3. Small Intestine

Some Basics of Small Intestine (Listed below the image):

2

1. 20-23 feet long

2. Villi expand surface area 60,000 times compared to if it was a flat surfaced tube. This surface area is equal to the size of a tennis court.

3. The primary ferments are acetic, propionic, and butyric acid. As indicated by the increased shading, fermentation rate increases as food moves toward the distal end – toward the colon. Fermentation rate corresponds with increased population of bacteria in the same fashion rate of lactate production in a muscle cell is synonymous with the rate of fermenting glucose.

Recall, a muscle cell’s only ferment is lactate (similar to lactic acid). Notice, other products of fermentation include ethanol and acetone (nail polish remover)

4. The slide below shows the exponential increase of bacterial population throughout the entire system – under the right column marked Microbial load per ml.

Gut

 

5. A cow ferments carbohydrates FIRST in its digestive system in the rumen. (Next 3 slides below) The rumen is essentially a large fermentation vat. When a  cow ruminates – it lays down, burps up lots of gas, while 15kg of grass ferments cellulose into buytric acid – among other short chain carbon fuel substrates.

0 a ruminant0 rumen001

 

6. Terminology

  • The ferment is the product of the fuel that ferments.
  • Probiotics are bacteria.
  • Gut flora is bacteria.
  • Prebiotic is the fuel that bacteria feed on, i.e. fermentable carbs.

7. The energy a cow uses later in its cells is not the carbs eaten, but the short chain fatty acids produced.

 

BY THE TIME FOOD HAS REACHED THE END OF THE SMALL INTESTINE:

1. 90% of carbs as glucose have absorbed.

2. Most amino acids have absorbed. Overcooked meat tends to move on to the colon where it too can be broken down by bacteria. This is called putrefaction. Eating greens are protective against the negatives of putrefaction.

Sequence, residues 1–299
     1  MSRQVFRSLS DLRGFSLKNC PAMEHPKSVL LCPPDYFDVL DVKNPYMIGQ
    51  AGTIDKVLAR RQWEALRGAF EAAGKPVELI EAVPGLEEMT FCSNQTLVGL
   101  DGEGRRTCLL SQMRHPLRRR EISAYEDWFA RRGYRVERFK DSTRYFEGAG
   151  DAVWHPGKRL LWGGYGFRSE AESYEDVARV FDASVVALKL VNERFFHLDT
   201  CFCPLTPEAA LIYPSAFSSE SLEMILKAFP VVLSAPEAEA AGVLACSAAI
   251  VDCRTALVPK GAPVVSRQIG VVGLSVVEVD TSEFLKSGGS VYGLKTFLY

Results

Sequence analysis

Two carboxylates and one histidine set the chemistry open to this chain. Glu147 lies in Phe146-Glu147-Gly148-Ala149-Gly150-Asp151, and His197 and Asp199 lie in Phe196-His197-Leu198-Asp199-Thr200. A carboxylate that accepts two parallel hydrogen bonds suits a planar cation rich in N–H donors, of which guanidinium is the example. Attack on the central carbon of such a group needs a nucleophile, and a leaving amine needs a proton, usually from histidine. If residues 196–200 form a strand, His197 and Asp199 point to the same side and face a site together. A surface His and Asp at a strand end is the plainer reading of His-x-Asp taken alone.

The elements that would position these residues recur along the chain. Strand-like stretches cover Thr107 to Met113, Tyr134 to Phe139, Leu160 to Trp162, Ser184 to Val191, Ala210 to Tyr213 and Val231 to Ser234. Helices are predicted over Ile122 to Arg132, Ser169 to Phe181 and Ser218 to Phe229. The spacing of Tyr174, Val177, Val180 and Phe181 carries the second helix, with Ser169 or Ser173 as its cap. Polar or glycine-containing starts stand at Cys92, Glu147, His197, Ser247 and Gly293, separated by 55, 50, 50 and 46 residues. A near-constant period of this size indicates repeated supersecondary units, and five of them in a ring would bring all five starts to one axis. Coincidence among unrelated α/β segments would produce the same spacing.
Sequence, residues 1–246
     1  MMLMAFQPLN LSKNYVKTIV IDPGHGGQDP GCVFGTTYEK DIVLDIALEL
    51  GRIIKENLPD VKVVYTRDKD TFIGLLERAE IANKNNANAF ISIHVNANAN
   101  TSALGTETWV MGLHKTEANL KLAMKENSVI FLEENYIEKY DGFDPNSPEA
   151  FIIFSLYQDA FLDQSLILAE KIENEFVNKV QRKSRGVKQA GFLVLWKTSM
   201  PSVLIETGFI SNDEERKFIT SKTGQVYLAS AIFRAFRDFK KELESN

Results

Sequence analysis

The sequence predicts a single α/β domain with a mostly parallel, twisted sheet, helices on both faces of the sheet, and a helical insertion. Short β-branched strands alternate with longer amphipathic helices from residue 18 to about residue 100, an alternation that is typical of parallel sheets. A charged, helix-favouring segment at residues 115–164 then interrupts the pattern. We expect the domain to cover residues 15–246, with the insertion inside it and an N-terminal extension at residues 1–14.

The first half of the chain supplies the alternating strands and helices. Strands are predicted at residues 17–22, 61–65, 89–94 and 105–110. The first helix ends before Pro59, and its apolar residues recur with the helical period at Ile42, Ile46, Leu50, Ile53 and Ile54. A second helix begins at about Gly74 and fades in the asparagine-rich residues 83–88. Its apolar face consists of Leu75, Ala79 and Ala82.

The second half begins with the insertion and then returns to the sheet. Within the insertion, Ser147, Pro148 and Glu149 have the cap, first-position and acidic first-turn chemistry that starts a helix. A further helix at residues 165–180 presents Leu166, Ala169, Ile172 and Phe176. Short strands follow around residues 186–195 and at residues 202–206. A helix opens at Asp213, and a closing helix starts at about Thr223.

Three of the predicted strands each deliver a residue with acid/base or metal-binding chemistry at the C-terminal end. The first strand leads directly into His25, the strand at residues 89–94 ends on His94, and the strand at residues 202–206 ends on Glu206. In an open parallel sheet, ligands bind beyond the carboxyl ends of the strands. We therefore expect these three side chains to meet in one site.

• Glucose and amino acid absorb through the mesentary veins coming off the small intestine, which collectively flow into one the portal vein and to the liver.

3. Fat enters into the lymphatic system as the micelle – moving through an opening on the apex of the villi of the small intestine to the lacteal . Within the lacteals, the fatty acids get repackaged into a large ‘ball of fat’ called a chylomicron. The chyle is the milky-white substance flowing though tiny lymphatic vessels to the largest vessel of the lymphatic system, called the throracic duct.

  • This fat goes directly to the heart’s right atrium via the thoracic duct, into the left subclavian vein, into the heart.
  • The fatty acids have NOT been broken down as they were in food.

 

PROBLEMS IN THE SMALL INTESTINE:

1. Antibiotics – repeated use of – kill bacteria and/or creates an imbalance of bacteria upon regrowth. ‘Bad’ nutrition may worsen the situation.

2. SIBO (Small Intestinal Bacterial Overgrowth) happens when bacteria increases their numbers toward the stomach and may even increase in the stomach.

  • This increases unwanted fermentation ‘upline’ – and the gas production near the stomach. Just like a cow, the gas creates ‘back pressure’ – resulting in pushing bile acids back to the stomach and possibly the esophagus.
4. Transition: Into the Cecum with Appendix Attached

1. The Cecum: The cecum is the pouch at the beginning of the colon, with the appendix attached out of the way of food stuff flow into the rest of the colon. At this point, food stuff is liquid-like diarrhea. Thus, one primary job of the cecum and the colon is to resorb water in order for a solid stool to form.

A food borne bacterial infection may cause diarrhea, which is helpful in context that ‘speeding up and washing out’ unwanted/infected material is protective. You do not want to absorb food-stuffs which contain harmful pathogens.